Device-ZTP: <NOS>-boot.conf file. This file is loaded during the initial stage of the NOS ZTP process, i.e. when the device is executing it’s ZTP mechanism. The primary purpose is to enable remote management of the device for Aeon-ZTP remote-bootstrap processing. For specific NOS details, refer to the specific NOS getting started guide, for example, Arista EOS Setup Guide.

Remote-Bootstrap: All other files are loaded when the Aeon-ZTP makes a remote connection back to the device. The Aeon-ZTP framework will push two configuration files, the first all.conf, and the second is <hw-model>.conf.

You can modify any of these files, as well as create additional model specific files. Again, refer to the specific NOS getting started guide for any specific requirements / limitation details.

Vendor Image Files

Stages: Remote-Bootstrap

The /opt/aeonztps/vendor_images/<NOS> directory must contain the files you get from your NOS vendor (e.g.Cisco, Arista, etc.). For example, if you want to use the Arista EOS image “EOS-4.15.1F.swi” and you also plan to use the EOS SDK, then your directory would look like:

vendor_images/
├── eos
    └── EOS-4.15.1F.swi
    └── EosSdk-1.6.0-4.15.0F.i686.rpm

The mechanism to instruct Aeon-ZTP to load a specific version file is explained in the next section.

Group-Policy ZTP

Stages: Remote-Bootstrap, Finally-Provision

The directory /opt/aeonztps/etc/profiles contains a subdirectory for each policy group. The purpose of the group-policy is to instruct the Aeon-ZTP framework what to do on a per-NOS, per-model basis.

There are two basic instructions you can provide the framework:
  1. Identify which NOS version needs to be installed on the device, and
  2. Optionally provide a “finally” script that the framework will execute once the device is initially configured and has the correct OS running.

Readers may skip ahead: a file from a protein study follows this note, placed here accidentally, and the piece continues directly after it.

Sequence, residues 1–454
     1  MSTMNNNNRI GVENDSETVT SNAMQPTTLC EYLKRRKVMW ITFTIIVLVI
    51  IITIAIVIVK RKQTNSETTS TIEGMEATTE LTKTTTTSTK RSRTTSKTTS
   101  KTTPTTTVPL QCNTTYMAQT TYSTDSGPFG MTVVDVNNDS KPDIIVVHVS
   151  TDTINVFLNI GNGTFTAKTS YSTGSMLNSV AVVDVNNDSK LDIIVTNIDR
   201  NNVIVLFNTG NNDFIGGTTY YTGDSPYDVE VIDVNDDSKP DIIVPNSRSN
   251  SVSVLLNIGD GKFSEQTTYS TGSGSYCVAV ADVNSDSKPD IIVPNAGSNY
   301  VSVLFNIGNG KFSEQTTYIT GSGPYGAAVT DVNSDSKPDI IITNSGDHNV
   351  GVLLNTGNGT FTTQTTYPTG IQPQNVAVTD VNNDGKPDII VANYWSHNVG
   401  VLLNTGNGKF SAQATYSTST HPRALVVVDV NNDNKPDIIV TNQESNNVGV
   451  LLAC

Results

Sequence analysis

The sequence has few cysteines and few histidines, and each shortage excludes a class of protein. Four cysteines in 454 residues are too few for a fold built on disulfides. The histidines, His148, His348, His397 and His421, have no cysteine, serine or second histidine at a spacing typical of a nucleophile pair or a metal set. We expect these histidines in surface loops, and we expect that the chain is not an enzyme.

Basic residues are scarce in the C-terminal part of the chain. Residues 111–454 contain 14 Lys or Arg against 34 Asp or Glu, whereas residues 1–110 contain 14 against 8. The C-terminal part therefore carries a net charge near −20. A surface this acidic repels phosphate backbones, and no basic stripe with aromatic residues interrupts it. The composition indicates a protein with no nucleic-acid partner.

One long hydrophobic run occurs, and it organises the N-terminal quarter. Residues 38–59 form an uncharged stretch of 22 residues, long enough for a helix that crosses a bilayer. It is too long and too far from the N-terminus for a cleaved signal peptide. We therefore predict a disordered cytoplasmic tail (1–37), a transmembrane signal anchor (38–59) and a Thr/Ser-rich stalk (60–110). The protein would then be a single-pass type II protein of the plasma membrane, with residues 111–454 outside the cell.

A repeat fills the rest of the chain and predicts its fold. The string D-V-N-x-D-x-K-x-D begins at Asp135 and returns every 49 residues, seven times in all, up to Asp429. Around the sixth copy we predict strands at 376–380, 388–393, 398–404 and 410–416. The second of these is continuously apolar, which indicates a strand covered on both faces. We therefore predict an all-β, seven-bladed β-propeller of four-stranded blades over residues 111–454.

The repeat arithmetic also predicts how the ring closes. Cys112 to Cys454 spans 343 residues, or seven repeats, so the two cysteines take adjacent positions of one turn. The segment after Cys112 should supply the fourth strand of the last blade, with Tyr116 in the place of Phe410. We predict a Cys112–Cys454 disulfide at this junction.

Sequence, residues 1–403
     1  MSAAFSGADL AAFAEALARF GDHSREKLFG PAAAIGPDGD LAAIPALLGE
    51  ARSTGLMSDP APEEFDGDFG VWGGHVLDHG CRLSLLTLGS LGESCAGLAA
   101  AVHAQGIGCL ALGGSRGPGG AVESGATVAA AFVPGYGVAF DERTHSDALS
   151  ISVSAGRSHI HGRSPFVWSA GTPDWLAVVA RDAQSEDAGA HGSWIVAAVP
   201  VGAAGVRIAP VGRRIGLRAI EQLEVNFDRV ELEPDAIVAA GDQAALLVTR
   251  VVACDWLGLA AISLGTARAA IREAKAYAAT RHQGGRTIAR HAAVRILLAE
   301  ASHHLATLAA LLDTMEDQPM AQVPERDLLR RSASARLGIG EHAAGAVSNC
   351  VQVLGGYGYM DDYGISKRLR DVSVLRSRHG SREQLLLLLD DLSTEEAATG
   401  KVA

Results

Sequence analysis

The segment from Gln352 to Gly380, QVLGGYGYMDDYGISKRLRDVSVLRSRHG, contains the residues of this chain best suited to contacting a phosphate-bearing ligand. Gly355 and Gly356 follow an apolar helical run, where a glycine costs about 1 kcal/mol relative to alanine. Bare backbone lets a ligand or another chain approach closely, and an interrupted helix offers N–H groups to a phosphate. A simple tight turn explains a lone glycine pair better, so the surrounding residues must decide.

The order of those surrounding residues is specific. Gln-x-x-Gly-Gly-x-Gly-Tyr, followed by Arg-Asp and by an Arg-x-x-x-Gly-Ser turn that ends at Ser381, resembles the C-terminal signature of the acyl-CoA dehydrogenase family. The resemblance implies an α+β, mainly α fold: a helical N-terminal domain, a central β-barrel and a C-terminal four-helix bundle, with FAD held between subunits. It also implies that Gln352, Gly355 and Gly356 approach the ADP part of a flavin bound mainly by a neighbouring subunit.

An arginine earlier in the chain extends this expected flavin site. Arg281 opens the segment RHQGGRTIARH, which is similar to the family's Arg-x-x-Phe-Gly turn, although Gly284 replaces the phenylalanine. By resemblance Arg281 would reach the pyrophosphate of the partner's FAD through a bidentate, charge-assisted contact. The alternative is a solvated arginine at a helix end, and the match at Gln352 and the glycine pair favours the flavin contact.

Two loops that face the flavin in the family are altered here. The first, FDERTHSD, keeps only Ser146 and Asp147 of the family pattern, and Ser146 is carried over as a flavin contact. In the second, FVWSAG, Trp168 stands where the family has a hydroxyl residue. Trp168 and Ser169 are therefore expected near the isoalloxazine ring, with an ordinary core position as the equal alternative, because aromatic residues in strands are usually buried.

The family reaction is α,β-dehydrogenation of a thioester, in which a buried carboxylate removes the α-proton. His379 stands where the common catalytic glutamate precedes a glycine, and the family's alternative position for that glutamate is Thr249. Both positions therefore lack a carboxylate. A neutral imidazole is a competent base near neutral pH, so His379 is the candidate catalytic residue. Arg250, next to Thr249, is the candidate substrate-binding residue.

Each group-policy contains a subdirectory for each NOS supported. The following is an example tree listing:

admin@aeon-ztps:/opt/aeonztps/etc$ tree
.
└── profiles
    ├── cumulus
    │   ├── finally -> ../../../../bin/finally/aztp-finally-aos-cumulus.sh
    │   └── os-selector.cfg
    ├── eos
    │   ├── finally -> ../../../../bin/finally/aztp-finally-aos-eos.sh
    │   └── os-selector.cfg
    └── nxos
        ├── finally -> ../../../../bin/finally/aztp-finally-aos-nxos.sh
        └── os-selector.cfg

The file os-selector.cfg allows you to identify which version of NOS should be installed, and which finally script should be run. The following is an example for /opt/aeonztps/etc/profiles/eos:

#
# 'default' means match hardware models not explicitly configured
#
default:
    exact_match: 4.15.1F
    image: EOS-4.15.1F.swi
    finally: finally

This os-selector.cfg file instructs the Aeon-ZTP to check the current OS version and match exactly to “4.15.1F”. If the device does not have this version, then Aeon-ZTPS should install the image “EOS-4.15.1F.swi”. This file would be located in the /opt/aeonztps/vendor_images/eos directory.

The finally script named “finally” would be run. Finally scripts can be created and placed into the relevant vendor directory.

Regular expressions can also be used to match the NOS version. The following example would not perform a NOS upgrade if either version 3.1.1 or 3.1.2 was installed on the device:

default:
    regex_match: 3\.1\.[12]
    image: CumulusLinux-3.1.2-amd64.bin

Using Device Facts in OS-Selector

The OS selector also supports matching based on any combination of hardware facts discovered during the ZTP process. Multiple named groups can be created with a list of facts that all must match and an image file that must be installed. The names of the groups is arbitrary and is not currently used for anything more than an organizational structure.

The following facts are supported to be used as a match criteria:
  • os_name
  • vendor
  • hw_part_number
  • hostname
  • fqdn
  • virtual (bool)
  • service_tag
  • os_version
  • hw_version
  • mac_address
  • serial_number
  • hw_model
  • ip_addr

Here is an example os-selector.cfg file:

# 'default' means match hardware models not explicitly configured
default:
    exact_match: 3.1.2
    image: CumulusLinux-3.1.2-amd64.bin
    finally: finally

# Group name is arbitrary and can be things like
# 'rack-a', 'vendor-b', etc.
Accton_Switches:

    # All keyword values here must match with the
    # device for it to be accepted into this group.
    matches:
        hw_model:
            - Accton_AS6712
        mac_address:
            - 0123456789012
            - 0123456789013
            - 0123456789014

    # Perform code upgrade if version does not
    # match this regex.
    regex_match: 3\.2\.[01]

    # If a fact match is made, and the NOS regex
    # does not match, this OS is installed.
    image: CumulusLinux-3.2.1-amd64.bin

    # Run finally script that is required for Accton_Switches group
    finally: accton_finally

# This group will get Cumulus 2.5.7 installed
Cumulus_2_Switches:

    matches:
        vendor:
            - CumulusVendor
        serial_number:
            - 1111111111
            - 2222222222

    regex_match: 2\.5\.[67]
    image: CumulusLinux-2.5.7-amd64.bin